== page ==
Children and teens are dying from unintentional injuries, suicides and homicides at
increasing rates, according to new research from federal health officials.
The trend “shows that persistent as well as emerging challenges remain,” authors from
the Centers for Disease Control and Prevention wrote in their study.
“While deaths were reduced from some of the longstanding and leading causes of injury
death … these trends have reversed recently and further reductions will require renewed
focus and effort,” they said.
Researchers analyzed death certificates for children and adolescents ages 10-19 from
1999-2016. They found the death rate dropped 33% from 1999-2013 but increased 12%
since that time and now stands at 33 per 100,000 children.
The rate is twice as high for males as it is for females and three times higher for
older adolescents than younger children. About 70% of deaths are caused by injuries,
which are categorized by intent. The most common are unintentional, suicide and homicide.
Unintentional injury deaths
From 1999-2013, unintentional injury deaths fell 49% but increased 13% in the years
that followed. The rate now stands at 12 per 100,000 children and is two times higher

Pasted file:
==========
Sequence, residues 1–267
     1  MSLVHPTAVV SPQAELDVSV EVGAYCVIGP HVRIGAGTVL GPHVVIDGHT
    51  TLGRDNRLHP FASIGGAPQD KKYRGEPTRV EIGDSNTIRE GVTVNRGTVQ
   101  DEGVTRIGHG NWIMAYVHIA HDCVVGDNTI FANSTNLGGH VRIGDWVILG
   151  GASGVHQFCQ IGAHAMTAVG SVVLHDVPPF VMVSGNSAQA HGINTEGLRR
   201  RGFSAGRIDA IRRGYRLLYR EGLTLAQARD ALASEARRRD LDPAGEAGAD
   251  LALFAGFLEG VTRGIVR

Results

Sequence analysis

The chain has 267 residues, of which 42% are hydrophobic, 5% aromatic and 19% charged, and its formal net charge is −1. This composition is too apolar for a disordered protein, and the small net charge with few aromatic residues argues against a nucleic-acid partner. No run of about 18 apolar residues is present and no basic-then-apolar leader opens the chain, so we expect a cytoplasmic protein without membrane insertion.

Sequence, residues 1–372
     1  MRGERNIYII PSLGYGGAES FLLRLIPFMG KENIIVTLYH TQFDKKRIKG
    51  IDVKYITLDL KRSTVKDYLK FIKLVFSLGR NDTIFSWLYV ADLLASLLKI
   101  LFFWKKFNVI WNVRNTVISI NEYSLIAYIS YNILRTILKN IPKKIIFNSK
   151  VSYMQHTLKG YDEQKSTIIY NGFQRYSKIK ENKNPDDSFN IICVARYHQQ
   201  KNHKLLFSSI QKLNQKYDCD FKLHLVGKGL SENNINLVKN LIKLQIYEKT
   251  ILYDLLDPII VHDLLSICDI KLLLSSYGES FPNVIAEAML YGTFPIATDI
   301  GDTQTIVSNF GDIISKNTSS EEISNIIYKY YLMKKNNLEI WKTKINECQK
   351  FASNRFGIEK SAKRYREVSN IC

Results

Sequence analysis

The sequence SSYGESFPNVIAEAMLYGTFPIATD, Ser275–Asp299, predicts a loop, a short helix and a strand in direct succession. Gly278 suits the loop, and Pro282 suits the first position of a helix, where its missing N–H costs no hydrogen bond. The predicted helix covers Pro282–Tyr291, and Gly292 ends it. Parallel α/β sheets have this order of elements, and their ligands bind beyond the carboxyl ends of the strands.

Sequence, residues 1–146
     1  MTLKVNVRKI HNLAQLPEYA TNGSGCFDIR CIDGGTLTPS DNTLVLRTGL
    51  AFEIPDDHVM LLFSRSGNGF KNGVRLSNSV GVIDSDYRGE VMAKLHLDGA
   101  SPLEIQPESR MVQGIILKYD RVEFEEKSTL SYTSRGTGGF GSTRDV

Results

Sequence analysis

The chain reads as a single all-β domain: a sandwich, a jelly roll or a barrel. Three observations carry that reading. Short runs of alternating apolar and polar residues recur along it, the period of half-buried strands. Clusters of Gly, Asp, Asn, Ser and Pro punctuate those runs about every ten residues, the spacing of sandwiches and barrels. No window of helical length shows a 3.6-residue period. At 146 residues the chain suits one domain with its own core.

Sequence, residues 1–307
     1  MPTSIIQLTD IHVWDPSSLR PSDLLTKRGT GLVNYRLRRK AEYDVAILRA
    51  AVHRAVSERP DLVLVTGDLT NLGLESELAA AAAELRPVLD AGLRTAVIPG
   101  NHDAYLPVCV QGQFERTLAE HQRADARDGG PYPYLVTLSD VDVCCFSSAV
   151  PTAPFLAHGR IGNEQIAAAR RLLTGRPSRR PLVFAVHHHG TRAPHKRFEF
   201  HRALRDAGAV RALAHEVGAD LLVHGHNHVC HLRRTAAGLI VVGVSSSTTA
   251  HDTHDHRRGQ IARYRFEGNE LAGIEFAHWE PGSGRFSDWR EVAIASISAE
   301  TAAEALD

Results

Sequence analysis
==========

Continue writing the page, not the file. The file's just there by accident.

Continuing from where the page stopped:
for males than females.
About 85% of these deaths in 2016 were due to motor vehicle traffic, poisoning or
drowning with rates of 7.4, 1.9 and 0.9 deaths per 100,000 children, respectively.
Motor vehicle deaths had been falling, due in part to prevention efforts and reduced
teen driving, according to the study. But they are up 12% since 2013.
Suicides fell 15% from 1999 to 2007, but since that time they rose 56% and stand at
6 per 100,000 children, researchers found. Males are 2.6 times more likely to commit
suicide than females. About 92% of suicides were from suffocation, firearms or poisoning.
About 5 children per 100,000 were homicide victims in 2016, and firearms were used
in 87% of those deaths, according to the study. Rates fluctuated during the study
period, but have been on an upswing, rising 27% since 2014. Rates for males are five
times that of females.